First and foremost, this newsletter is truly a team effort. We are building on the data efforts of georgiavotes.com to point out races, locations, and results we find interesting. By no means are we journalists, but instead a mix of data nerds and politicos looking for an outlet for their thoughts. Please feel free to share your thoughts and questions by replying here, to Ryan directly on Twitter (@gtryan), and we also may try to get dedicated social media up in the next week or so to improve interactions and sharing of info.
Also this is our first go round and we promise it will get better. Stay tuned.
Georgia Congressional Races
Of the 14 Congressional Districts in Georgia there are only 2 competitive seats this year per most ratings sites. We can go into how problematic that is for the health of our state’s electorate or how it’s a product of the Voting Rights Act of 1965 pre-clearance or just a sign of the power of incumbency mixed with apathy.
GA-06 and GA-07 will go back and forth as to which the media horse race coverage will say is most competitive, but for the most part our belief is only the Georgia 6th is competitive. The demographics and efforts in the Georgia 7th have made it a district that has already flipped. Mix in that the 7th has seen a major influx of new residents and there is no real path for Republicans to defend this seat and not have it flip.
GA-06 made waves in 2017 when Karen Handel squeaked out a 3% victory over Jon Ossoff in a special election runoff to replace Tom Price, who had won the district 62%/38% just 7 months earlier. In 2018 that seat flipped to Lucy McBath in a remarkably close 50.5%/49.5% election and the story was Cobb County being forever lost to Republicans.
Meanwhile, over in GA-07, Democrats had high hopes of a pickup in 2018 only to see Carolyn Bordeaux fall an agonizingly close 419 votes short of Rob Woodall.
Given these data points, it’s easy to see why the media would focus on these as two tight races to watch in 2020. And, well, they’re half right. First, let’s look at the racial breakdowns of 2020 absentee requests.
70.4% - White
8.9% - Black
7.5% - Asian
2.7% - Hispanic
10.5% - Other/Unknown
49.8% - White
17.9% - Black
12.5% - Asian
4.8% - Hispanic
14.9% - Other/Unknown
Yep. GA-07 absentee ballot requests are majority-minority so far, with 98,985 already in. That’s 30% of the total electorate in the 2016 election.
But, you may say, GA-06 had a higher share of Democratic Ballots pulled in the 2020 primary than GA-07! And that’s correct, GA-06 was 56.9% D ballots and GA-07 was 52.8% D ballots. But let’s also look at the racial breakdown of absentee requests in THAT election.
74.4% - White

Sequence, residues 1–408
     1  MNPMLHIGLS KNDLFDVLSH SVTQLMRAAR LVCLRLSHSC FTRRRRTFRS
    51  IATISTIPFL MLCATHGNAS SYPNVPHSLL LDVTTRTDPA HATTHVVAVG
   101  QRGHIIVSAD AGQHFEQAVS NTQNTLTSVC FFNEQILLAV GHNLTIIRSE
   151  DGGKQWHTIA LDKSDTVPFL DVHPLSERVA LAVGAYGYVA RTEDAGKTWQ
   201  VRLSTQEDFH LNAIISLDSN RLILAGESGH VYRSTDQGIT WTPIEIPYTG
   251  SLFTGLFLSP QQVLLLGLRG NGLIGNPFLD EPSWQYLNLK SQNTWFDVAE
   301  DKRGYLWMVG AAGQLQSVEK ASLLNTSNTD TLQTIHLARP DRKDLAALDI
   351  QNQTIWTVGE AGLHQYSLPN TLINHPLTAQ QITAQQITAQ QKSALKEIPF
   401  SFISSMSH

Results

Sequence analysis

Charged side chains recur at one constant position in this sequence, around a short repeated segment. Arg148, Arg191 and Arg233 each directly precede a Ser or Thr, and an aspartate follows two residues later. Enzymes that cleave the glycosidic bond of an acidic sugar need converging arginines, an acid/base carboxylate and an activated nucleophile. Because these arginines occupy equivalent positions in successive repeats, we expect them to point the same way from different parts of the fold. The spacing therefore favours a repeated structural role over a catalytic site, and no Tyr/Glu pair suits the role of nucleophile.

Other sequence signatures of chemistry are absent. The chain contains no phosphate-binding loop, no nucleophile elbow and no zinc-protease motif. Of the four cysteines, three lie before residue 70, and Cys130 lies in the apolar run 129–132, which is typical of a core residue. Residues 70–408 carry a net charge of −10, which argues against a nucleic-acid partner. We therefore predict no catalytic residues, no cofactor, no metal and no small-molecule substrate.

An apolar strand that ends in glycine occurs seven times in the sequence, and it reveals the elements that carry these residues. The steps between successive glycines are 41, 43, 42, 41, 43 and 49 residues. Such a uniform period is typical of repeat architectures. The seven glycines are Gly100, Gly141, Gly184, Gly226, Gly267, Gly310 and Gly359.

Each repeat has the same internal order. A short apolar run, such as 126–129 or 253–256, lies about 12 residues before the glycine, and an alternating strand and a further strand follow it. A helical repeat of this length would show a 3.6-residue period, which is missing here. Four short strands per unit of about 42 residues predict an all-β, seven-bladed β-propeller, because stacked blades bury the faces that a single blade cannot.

9.9% - Black
4.0% - Asian
2.3% - Hispanic
9.4% - Other/Unknown
56.9% - White
18.8% - Black
6.7% - Asian
3.8% - Hispanic
13.8% - Other/Unknown
Pretty big shift there! Whoever is running the Asian and Hispanic turnout operations in those districts, well done. Given the underlying demographics of Cobb and Gwinnett counties, you can see what GA-07 is seeing a much bigger shift so far
Add this up with Rob Woodall deciding not to run for reelection, and we’ve got GA-07 as a lock.
So if GA-07 is a lock what’s the other interesting seat? Not that it will flip, but GA-01. That district saw a 52%/46% breakdown of R/D ballots in the 2020 primary, and has an increasing minority share of early vote applicants for the 2020 general (34% -> 41%).
In the coming weeks we will also be pointing out data points in other districts that showcase where those races may lay in the state of play in the coming years and especially with a looming redistricting that will remake the Georgia Congressional District Map for the next decade.
The Other Georgia - Cobb County
Cobb County is the new Gwinnett County. Cobb County is flipping and has flipped. However, you want to put it the once dominant force in Republican politics and the home county of Johnny Isakson, Steve “Thunder” Tumlin, and Sheriff Neil Warren is no longer the safe red county it once was. The trendlines in early voting point more to Cobb following the likes of other metro Atlanta Democratic stalwart counties like Fulton, Dekalb, and now Gwinnett then the current bastions of the GOP like Cherokee, Forsyth, and Fayette counties.
The biggest thing to note in this very early data is that Cobb is leading the way in voters who are converting from day-of voters to early and absentee voters. Look to see how the state house races in Cobb County address this changing electorate in the closing weeks of 2020 to see if and how the GOP can hold on to enough seats not only Cobb, but to maintain their majority in the General Assembly.
Overall thanks for reading and realize the data is just starting to roll in. In the coming newsletters we’ll dive into races at all levels and all over the state. We will also play with some numbers you might not be able to see on the website so stay tuned and thanks for reading!